Image: The 2 layers of forms that were laser cut to include in our final setup.

Image: The RGB bulbs set up to create an even distribution of light across the 20”x 20” board.

Image: After the setup was done, above are a couple of effects created using lights an motion of the overlapping layers.


We created numerous samples of our design in miniatures and overlapped them. We experimented with black and white colours by playing with the following arrangements-

  • White Square rotating on the White Square (Stabilised)
  • Black Square rotating on the White Square (Stabilised)
  • Black Square rotating on the Black Square (Stabilised)
  • White Square rotating on the Black Square (Stabilised)
  • White circle rotating on the white square (Stabilised)


Motor — the motor is set to run slowly counterclockwise at the optimum speed to give the interplay of with the geometry. It’s important to get the speed exactly right or the lines will not show the desired effect.

Lights — the distance sensor reads in the value and includes it the running average of the distance (last 10 readings), it then maps that distance to a value that will be used for the brightness of the lights, and the speed of the effects. The closer the brighter, but slower the effects. The distance is also used to determine what light effect is shown. When very close, it breathes, a little further away, it blinks quickly, and at the standard distance it paints the colour to the background. Each effect adds to the effect of the illusion.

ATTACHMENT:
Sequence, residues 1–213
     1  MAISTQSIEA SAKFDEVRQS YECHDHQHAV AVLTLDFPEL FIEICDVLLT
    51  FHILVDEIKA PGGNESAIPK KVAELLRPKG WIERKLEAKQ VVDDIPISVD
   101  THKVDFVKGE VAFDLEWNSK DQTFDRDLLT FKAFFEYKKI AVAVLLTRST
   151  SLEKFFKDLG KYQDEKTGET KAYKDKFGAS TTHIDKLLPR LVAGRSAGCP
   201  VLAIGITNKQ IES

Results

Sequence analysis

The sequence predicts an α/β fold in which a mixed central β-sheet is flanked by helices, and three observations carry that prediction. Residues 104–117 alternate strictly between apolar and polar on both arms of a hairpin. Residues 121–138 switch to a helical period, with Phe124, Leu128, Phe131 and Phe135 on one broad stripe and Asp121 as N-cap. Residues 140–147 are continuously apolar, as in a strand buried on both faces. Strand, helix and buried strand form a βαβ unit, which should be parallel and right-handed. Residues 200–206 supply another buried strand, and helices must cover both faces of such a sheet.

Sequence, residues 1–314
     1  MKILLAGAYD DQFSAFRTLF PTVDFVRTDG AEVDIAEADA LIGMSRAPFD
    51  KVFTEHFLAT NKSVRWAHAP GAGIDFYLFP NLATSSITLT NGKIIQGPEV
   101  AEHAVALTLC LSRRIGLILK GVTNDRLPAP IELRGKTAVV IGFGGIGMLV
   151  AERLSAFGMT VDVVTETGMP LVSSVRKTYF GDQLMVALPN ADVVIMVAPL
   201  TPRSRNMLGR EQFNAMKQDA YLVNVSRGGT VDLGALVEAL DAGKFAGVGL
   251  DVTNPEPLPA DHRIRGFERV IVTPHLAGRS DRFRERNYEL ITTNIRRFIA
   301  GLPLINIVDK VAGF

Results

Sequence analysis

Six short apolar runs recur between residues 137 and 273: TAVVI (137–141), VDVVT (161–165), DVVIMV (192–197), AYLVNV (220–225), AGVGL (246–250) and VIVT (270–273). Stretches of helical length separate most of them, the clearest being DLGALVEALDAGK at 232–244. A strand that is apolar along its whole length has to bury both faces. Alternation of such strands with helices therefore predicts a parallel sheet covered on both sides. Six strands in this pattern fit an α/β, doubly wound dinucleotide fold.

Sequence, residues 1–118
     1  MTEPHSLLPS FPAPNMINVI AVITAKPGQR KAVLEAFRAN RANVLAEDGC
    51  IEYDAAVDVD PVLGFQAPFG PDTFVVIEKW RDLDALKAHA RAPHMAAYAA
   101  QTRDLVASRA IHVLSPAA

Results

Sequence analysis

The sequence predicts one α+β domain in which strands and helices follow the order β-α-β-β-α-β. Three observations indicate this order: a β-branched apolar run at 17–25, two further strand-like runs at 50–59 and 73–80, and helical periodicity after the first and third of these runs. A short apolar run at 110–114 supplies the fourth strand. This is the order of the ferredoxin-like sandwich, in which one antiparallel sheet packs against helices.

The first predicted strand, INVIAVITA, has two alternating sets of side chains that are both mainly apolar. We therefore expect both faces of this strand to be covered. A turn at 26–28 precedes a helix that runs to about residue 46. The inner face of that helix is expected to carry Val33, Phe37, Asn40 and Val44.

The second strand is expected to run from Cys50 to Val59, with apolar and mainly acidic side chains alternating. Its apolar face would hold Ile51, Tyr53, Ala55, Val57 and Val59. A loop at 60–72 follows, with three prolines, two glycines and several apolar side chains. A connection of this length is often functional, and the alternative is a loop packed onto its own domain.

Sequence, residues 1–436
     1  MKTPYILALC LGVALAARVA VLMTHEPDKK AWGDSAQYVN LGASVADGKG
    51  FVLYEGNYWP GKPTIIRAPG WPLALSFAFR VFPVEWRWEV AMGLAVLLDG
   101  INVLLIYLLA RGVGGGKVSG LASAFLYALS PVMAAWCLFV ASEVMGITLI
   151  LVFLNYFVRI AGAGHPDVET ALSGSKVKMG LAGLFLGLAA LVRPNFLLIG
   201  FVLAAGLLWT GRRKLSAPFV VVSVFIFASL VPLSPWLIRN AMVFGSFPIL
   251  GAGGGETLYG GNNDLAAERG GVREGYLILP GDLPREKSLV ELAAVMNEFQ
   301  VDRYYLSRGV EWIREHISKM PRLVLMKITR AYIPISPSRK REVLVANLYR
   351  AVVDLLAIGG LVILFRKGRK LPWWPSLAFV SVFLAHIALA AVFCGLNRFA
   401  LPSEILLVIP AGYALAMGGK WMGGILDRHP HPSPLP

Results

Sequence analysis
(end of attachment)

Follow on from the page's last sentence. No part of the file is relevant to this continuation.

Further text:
Final Project & Exhibition Reflection

For the exhibition, we were given an entire room to display the piece. We projected a video of the manufacturing, on to one wall, and on the opposite wall, we solved the concern of the empty space by projecting artwork that was appropriate for the display : a generative mandala formation of various altering forms (coded by Sananda in her individual project). The work allows participants to create their patterns with varying colours using manual alterations by potentiometers. We also had some calming tunes that played along with the laser cutting video which was being projected.

Many in attendance commented that they couldn’t pull their eyes away from the piece, and that it was meditative, mesmerising and calming. We also received three offers for the purchase of the installation. One participant analysed the piece praising the use of colour, lines, geometry and interaction that made it very aesthetically pleasing, and we noticed many leaving and returning with their friends to have them experience the illusion themselves, and to interact with the distance with great delight. Overall the experience of light and subtle motion in a dark room created some beautiful visual illusions and that became the limelight of our experiment.


  1. SCHIPFER, NOEMI, and TAKAMI NAKAMOTO. “MASKS, Kinetic Object Series”. Nonotak.Com, 2014, https://www.nonotak.com/_MASKS.
  2. Kvande, Ryan. “Sculpture 40″ – Award Winning Optical Illusion Sculptures”. Spunwheel, 2019, https://www.spunwheel.com/40-kinetic-sculptures1.html
  3. Whitaker, Lyman. “Whitaker Studio”. Whitakerstudio.Com, 2019, https://www.whitakerstudio.com/